Only the adaptable, flexible characters survive in Game of Thrones, be it from learning to fight left-handed or learning how to enter the minds of animals. Adapting only becomes imperative, however, when managers realize the need for change—an area of expertise for Executive Education faculty member Rita McGrath.
“I see a lot of denial in organizations whose main business models are shifting underneath them, and yet their executives simply don’t want to be exposed to this information,” McGrath wrote in her newsletter. A business should be looking to constantly adapt and reconfigure itself through questioning its performance, including by asking: Am I gaining exposure to diverse perspectives? Am I trusting and empowering small teams? Am I making sure I’m not in denial?
Craven highlights the need for adaptability with a business lesson from the making of Games of Thrones. When first developing the show, the creators screened the multi-million-dollar pilot episode for a small working group and heard the response of: “You have a massive problem.” The episode was horrible, throwing the show’s entire future into question. The show’s creators adapted—and showed humility—by going back to HBO for more money to reshoot the pilot. The rest is history.
- Kravis Professor of Business Paul Ingram
- Jorah Mormont, Game of Thrones
- Chavkin-Chang Professor of Leadership Michael Morris
- Tyrion Lannister, Game of Thrones
Craven is conducting a free Executive Education webinar on March 19 about leadership lessons from Game of Thrones. Sign up to participate.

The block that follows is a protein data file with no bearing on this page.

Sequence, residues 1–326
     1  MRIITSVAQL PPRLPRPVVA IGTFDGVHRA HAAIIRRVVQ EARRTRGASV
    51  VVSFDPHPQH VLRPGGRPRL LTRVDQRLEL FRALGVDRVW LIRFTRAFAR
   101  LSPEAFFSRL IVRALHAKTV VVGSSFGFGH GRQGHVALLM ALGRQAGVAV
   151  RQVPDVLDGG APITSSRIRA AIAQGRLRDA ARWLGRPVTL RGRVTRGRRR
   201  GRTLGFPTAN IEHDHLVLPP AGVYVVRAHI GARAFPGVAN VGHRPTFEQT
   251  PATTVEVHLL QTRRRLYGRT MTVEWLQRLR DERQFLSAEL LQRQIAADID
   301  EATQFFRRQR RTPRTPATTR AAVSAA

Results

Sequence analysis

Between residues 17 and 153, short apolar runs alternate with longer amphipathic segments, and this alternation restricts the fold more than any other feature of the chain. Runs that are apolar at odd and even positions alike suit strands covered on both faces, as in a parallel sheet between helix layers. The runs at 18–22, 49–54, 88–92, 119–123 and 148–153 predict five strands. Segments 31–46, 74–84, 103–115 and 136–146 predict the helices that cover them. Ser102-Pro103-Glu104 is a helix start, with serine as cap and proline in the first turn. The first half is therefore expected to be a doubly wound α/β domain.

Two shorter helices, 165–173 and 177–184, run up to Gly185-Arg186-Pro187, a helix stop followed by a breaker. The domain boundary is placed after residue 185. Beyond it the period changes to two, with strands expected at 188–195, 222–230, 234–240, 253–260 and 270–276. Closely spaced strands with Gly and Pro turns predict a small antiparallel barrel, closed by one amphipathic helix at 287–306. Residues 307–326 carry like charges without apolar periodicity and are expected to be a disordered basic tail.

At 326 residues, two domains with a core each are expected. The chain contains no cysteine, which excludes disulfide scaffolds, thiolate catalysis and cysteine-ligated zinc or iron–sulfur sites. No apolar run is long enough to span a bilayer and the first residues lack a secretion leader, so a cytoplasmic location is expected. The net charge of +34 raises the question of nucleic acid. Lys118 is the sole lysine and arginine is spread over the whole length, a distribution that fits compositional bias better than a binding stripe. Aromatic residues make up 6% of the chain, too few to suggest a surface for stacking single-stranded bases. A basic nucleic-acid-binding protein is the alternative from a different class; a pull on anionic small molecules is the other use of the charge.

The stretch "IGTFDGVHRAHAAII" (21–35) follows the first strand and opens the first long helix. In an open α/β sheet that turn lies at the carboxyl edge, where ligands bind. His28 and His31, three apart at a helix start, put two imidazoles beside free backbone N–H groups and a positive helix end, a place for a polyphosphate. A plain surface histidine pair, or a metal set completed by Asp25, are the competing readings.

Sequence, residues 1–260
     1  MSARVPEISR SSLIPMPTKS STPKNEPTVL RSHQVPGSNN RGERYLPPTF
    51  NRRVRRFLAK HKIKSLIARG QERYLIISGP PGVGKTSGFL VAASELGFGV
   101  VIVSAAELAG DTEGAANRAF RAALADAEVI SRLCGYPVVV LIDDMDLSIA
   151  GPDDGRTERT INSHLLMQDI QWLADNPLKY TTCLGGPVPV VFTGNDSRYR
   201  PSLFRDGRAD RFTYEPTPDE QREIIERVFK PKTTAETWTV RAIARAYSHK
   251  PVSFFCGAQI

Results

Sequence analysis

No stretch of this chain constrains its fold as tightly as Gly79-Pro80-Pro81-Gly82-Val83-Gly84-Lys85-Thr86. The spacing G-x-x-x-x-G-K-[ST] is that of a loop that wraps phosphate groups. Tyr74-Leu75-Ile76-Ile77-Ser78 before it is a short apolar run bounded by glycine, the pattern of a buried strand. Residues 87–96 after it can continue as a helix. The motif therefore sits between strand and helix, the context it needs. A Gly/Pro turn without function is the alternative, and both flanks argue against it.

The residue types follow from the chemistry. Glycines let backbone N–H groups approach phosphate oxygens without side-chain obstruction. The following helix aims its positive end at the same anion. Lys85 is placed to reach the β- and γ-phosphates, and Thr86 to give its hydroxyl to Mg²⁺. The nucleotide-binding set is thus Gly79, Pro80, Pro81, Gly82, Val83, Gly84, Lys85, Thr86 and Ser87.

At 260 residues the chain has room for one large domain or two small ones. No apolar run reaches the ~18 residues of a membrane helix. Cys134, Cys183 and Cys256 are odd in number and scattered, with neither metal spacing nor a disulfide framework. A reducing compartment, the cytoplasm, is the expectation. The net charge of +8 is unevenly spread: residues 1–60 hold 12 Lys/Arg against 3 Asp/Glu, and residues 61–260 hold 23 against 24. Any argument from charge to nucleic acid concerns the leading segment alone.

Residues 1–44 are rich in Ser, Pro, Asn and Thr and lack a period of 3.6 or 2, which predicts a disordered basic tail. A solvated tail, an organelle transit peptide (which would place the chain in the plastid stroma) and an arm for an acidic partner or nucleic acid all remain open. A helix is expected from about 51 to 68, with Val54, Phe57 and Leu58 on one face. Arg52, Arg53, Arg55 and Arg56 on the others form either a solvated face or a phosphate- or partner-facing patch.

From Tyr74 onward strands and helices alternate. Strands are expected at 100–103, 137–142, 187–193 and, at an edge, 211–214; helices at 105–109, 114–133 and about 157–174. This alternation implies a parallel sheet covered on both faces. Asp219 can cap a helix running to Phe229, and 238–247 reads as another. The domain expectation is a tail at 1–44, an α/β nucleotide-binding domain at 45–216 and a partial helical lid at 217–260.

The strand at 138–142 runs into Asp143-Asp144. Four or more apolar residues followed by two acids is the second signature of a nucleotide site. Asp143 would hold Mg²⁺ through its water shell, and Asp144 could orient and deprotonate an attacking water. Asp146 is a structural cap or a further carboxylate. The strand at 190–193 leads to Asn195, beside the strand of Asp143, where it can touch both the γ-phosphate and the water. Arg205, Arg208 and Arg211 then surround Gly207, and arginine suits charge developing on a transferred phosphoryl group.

About the researcher
Bruce Craven is a member of the Columbia Business School Executive Education faculty. His roles include running executive education programs and teaching. He...Read more.
About the researcher
Paul Ingram is the Kravis Professor of Business at Columbia Business School, and Faculty Director of the Advanced Management Program, Columbia’s flagship...Read more.
About the researcher
Sheena S. Iyengar is the inaugural S.T. Lee Professor of Business in the Management Division at Columbia Business School, and...Read more.
About the researcher
Adam Galinsky is the Vice Dean for Diversity, Equity and Inclusion and Paul Calello Professor of Leadership and Ethics and at the Columbia Business...Read more.
About the researcher
Professor Bontempo studies international comparative management, including international negotiations and cultural differences in decision making. His current research involves cultural factors in international negotiations...Read more.
About the researcher
Rita Gunther McGrath, a Professor at Columbia Business School, is regarded as one of the world’s top experts on strategy and innovation...Read more.